UBC telerehab program brings care closer to home
After spraining her arm, Stephanie was left in chronic pain with limited access to services that could help her regain the strength and motion she lost. At the time, health care providers across British Columbia (B.C.) temporarily closed their clinics in response to the COVID-19 pandemic.
Through her family doctor, Stephanie was introduced to virtual physiotherapy — commonly referred to as telerehab — and began working with Marcela Botero, a second-year UBC physical therapy student currently completing her training at a local clinic.
Under the guidance of a clinical faculty member, Stephanie is one of many patients Botero meets virtually to go over any exercises they may need help with and to monitor their progress.
“A lot of thought and planning goes into a virtual session,” says Botero. “Communication is key because you can’t physically help the client so you have to deliver clear and concise instructions.”
Virtual care is a dramatic change for physical therapy — a traditionally hands-on profession — but one that represents an important shift as the world continues to grapple with a pandemic that is requiring health care providers to adapt to the realities of delivering care during the pandemic.
Fortunately, a lot of information can be gained during a virtual session to support a patient’s recovery such as gait speed, balance, strength and risk of falling. Descriptive questions allow learners and practitioners to know whether a patient’s tissue feels “tight” or “knotted” and digital measuring tools allow for a more thorough assessment.
For Botero, the transition to learning how to deliver telerehab has been made easier by an innovative program delivered by the Faculty of Medicine.
A “made in B.C” training model
The Faculty of Medicine’s Program for Excellence in Telerehabilitation Education and Research (PETER) was launched in 2018 to educate and train clinical faculty and physical therapy students — as well as the Faculty’s other rehabilitation programs including occupational therapy, midwifery, audiology and speech therapy — in virtual care to expand access to services in rural and remote areas across British Columbia (B.C.).
Today, all physical therapy students complete the training as part of their clinical education.
Dr. Alex Scott, UBC professor in the department of physical therapy, and Dr. Joseph Anthony, associate dean, health professions, are the driving force behind the program, which got its start through a grant from the Faculty’s Strategic Investment Fund.
At the time the program was launched, telerehabilitation for physical therapy — popular in Australia — was not yet widely practiced in Canada. As such, UBC found itself at the forefront of developing the expertise and tools needed to train current and future physical therapists on how to deliver virtual care in the Canadian context.
“Telerehab makes sense in a province like B.C., where people are geographically dispersed,” Dr. Scott explains. “For people who don’t have access to physiotherapy services and are living in pain, we can help bridge that gap by providing virtual care closer to home to enable their recovery.”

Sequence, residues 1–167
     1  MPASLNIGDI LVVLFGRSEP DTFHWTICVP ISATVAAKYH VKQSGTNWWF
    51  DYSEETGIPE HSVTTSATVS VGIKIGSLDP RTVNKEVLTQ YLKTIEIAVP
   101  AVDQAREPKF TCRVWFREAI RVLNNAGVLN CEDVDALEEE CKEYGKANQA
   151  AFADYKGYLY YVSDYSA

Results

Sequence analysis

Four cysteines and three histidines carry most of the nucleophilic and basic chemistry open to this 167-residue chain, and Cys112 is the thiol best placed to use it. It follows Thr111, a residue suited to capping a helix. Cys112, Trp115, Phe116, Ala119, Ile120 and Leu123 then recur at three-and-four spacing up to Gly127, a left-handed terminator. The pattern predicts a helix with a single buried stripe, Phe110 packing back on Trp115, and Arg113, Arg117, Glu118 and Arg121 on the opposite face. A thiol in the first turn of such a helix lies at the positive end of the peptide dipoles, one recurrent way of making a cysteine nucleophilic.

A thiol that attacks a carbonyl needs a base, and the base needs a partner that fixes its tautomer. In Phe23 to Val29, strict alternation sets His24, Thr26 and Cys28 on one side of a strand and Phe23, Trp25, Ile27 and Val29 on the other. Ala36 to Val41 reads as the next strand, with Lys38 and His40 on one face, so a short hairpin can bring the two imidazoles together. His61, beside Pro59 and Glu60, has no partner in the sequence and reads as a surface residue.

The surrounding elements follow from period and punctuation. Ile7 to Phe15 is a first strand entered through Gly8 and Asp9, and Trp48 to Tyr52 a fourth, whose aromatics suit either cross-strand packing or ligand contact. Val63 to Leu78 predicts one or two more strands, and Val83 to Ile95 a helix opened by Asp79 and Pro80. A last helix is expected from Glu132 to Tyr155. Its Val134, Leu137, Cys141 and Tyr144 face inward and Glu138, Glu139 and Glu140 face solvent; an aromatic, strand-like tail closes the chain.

The impact of education and collaboration
To help build the program from the ground up, Dr. Scott enlisted the expertise of Jeremy McAllister, a practicing physical therapist and digital health manager for the Physiotherapy Association of B.C.
Using software designed by physical therapists in Australia, McAllister and the PETER Education Working Group built a model that was integrated into the UBC department of physical therapy’s curriculum.
What neither Dr. Scott nor McAllister could have known is how invaluable telerehab would become in 2020.
Since the pandemic hit, Dr. Scott and McAllister were able to rapidly extend telerehabilitation training to any physical therapist who needed it. It also allowed current students like Botero to put her training into action.
Digital Health Manager, Physiotherapy Association of B.C.
“One of the biggest benefits of the program was preparing the profession for a pandemic without even realizing it,” says McAllister. “The UBC program provides an opportunity for the continuum of care and an evidence-based example that telerehab works.”
Dr. Scott echoes McAllister’s sentiment, pointing to the need for early training.
“It’s critical that we already have this in the curriculum,” says Dr. Scott. “Because it’s going to be a part of our student’s experience now and in the future.”
Transferring education into practice
Allison Evers, also a second-year physical therapy student at UBC and classmate of Botero’s, is confident that the demand for virtual care will continue long after the pandemic.
“Even before COVID-19 there was a need for telerehab,” she says. “It makes a huge difference for patients who have mobility issues or who live far away and can’t access physiotherapy.”
Evers emphasizes that while telerehab is not a replacement for hands-on therapy, it is an effective tool.
“Telerehab is a perfect example of patient-centered care,” she says. “The program has taught us how to tailor care for patients, specific to what resources they have at home and encouraging them to be more active in their rehabilitation.”
Physical therapy student
As Botero and Evers look towards graduation later this fall, they know that virtual care will be part of their future practice as physical therapists.
“It’s picking up speed and being used more across the spectrum of private and public sectors,” says Botero. “Telerehab isn’t going anywhere — it’s here to stay.”
Learn more about the expansion and distribution of UBC’s occupational and physical therapy programs to northern B.C. and B.C.’s Fraser.
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Published: August 28, 2020